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How to Make Preschool a Success

Is your two or three or four year old going to preschool for the first time? Is this the first time they'll be away from you for several hours? You've checked into the school carefully and are pleased but nervous. What if your little one cries when you go to the school door? What if he says he doesn't want to go after a few days?
09/06/2016 11:00pm ET | Updated December 6, 2017
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Is your two or three or four year old going to preschool for the first time? Is this the first time they'll be away from you for several hours? You've checked into the school carefully and are pleased but nervous. What if your little one cries when you go to the school door? What if he says he doesn't want to go after a few days?

How does he or she cope? How do YOU cope?

Tips on Helping Your Child Succeed at Preschool

1. Before school starts, bring your child to the school so he or she can get the lay of the land. Walk them around and even find a favorite toy that they can return to on the first day.

2. Have the teachers talk to your child and give him or her a sense of familiarity.

3. Learn what the school does when kids cry at the door. What do they expect of you? What do you expect of you?

4. If your child clings to you at the door, casually walk in with them and show them around again. Bring the child to the teacher to start a bit of a conversation. Introduce them to a settled child and have them play side by side.

5. Saying good bye need not be an event. Once the child seems settled, just tell them when you'll pick them up and to have a great time. They cannot tell time but it gives a sense of safety and security that there is a certain time when you will arrive. If someone else is going to pick them up, make sure to remind them who it is.

6. Always be on time to pick up your child. Trusting you'll be there when you say is imperative. Come early, so your child can see you at the door. Give a big hello and hug and kiss.

7. Ask your child about all the wonderful things they did that day if they want to tell you. If they are quiet, accept that, too, and spend some time with them with a snack at home.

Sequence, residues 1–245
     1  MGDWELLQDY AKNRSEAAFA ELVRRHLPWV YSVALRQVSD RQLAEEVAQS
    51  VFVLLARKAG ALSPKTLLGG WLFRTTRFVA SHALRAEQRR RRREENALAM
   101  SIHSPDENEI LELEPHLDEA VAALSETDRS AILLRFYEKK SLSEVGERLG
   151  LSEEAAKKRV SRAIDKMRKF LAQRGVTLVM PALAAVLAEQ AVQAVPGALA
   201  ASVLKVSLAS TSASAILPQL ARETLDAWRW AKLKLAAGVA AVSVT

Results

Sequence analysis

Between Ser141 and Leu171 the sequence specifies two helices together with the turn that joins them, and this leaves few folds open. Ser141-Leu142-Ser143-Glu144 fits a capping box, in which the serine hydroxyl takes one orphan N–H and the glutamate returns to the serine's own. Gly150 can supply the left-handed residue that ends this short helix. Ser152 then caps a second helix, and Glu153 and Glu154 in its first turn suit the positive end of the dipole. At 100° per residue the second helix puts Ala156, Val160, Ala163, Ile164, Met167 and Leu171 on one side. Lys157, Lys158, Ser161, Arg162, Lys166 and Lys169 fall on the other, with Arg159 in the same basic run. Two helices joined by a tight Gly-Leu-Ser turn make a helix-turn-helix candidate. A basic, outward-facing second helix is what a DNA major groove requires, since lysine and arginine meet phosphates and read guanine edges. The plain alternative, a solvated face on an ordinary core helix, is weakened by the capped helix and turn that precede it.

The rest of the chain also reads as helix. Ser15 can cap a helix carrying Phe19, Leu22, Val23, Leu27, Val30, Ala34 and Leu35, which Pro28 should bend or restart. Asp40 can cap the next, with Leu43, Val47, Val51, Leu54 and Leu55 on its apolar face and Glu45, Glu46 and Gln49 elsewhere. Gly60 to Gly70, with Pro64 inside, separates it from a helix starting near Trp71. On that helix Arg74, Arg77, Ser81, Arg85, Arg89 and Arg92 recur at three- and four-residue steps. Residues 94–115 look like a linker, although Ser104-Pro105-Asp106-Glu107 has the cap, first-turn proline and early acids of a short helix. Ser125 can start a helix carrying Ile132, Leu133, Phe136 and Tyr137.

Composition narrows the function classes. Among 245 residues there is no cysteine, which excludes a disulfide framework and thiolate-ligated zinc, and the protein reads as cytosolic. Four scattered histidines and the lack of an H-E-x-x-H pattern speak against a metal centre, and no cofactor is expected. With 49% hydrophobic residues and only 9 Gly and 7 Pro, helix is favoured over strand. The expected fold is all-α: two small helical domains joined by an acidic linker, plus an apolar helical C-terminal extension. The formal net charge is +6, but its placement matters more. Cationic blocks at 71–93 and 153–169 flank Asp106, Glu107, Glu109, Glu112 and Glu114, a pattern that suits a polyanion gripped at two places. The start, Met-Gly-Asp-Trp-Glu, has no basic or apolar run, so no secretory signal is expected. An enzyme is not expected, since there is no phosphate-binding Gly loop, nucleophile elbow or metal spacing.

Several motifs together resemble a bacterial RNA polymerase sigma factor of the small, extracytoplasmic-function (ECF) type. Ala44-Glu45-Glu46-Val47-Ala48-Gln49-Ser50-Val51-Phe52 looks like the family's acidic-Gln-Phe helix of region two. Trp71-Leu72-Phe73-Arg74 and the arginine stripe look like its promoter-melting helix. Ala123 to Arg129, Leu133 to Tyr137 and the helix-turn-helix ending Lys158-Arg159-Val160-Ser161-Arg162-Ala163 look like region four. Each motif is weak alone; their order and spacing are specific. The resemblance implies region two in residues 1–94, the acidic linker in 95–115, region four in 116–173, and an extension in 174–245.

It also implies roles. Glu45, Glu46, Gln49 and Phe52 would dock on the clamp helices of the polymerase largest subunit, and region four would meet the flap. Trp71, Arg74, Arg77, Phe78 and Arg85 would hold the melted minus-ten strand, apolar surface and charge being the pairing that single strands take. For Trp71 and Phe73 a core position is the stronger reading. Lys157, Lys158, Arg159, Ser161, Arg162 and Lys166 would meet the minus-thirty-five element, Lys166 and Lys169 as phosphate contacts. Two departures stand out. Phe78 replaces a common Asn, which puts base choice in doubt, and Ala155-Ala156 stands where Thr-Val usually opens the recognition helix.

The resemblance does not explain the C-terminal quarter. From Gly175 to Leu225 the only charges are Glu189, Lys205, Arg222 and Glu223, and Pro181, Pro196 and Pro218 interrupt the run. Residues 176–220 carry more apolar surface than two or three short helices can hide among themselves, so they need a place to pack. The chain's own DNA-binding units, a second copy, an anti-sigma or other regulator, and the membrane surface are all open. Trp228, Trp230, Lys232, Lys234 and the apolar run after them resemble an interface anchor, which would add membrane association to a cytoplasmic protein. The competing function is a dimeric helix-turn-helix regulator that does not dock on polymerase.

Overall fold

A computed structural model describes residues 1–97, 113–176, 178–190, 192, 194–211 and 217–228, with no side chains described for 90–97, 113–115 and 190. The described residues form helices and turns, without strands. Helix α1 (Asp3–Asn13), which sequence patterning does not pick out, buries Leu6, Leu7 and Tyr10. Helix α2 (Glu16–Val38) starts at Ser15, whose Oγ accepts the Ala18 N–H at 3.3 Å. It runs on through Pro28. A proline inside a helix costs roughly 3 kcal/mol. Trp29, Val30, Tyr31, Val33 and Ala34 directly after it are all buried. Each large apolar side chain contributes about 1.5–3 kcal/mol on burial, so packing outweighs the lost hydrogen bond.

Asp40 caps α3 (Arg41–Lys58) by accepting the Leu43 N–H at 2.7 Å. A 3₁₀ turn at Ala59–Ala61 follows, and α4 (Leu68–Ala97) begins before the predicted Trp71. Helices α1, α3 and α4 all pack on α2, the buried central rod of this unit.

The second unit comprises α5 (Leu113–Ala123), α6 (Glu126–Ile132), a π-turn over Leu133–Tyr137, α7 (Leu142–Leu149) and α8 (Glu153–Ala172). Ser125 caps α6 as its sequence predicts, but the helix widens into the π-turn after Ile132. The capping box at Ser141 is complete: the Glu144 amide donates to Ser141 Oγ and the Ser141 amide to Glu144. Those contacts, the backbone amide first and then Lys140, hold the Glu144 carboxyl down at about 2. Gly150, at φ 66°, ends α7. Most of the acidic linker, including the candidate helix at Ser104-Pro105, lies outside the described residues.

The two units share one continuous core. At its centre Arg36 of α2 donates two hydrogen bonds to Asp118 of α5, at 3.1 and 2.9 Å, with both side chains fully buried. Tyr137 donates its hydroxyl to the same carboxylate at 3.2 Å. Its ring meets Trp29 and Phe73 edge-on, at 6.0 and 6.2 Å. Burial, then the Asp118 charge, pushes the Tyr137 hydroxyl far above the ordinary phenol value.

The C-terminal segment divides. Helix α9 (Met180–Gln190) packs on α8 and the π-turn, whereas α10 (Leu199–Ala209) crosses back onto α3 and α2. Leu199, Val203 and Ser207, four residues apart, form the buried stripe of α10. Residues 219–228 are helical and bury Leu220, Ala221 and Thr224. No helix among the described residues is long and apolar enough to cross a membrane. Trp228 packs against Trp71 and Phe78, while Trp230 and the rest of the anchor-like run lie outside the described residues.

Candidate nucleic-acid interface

8. If they bring home a drawing, hang it up and praise all the details.

9. Try to create a schedule so you don't have to rush about when they first get home. Quiet time with a book or toy is comforting as needed.

10. Congratulate your child on being a big boy or girl for going to school. This is a marker for you and for him.

You and your child have succeeded if all goes well. If it was however a troubling day, call the teacher and find out how the hours went. Ask what you can do to help make the second try a better one. If your child is only two, consider after several tries and pleas that the little one doesn't want to go, that maybe it's too early. Two is young. Or, shorten the day or frequency.

Reconsider having someone come to your house instead if you have to go to work. Keep your options open. Preschool isn't right for every small child just when you need it because of your work schedule. Have a plan B if it really isn't working. Then when you're child is a little older they will be more prepared and it will be successful. School is supposed to be a positive experience. Work out the kinks and it will be one.

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Laurie Hollman, Ph.D., is a psychoanalyst and author of Unlocking Parental Intelligence: Finding Meaning in Your Child's Behavior found on Amazon, Barnes and Noble, Familius and wherever books are sold.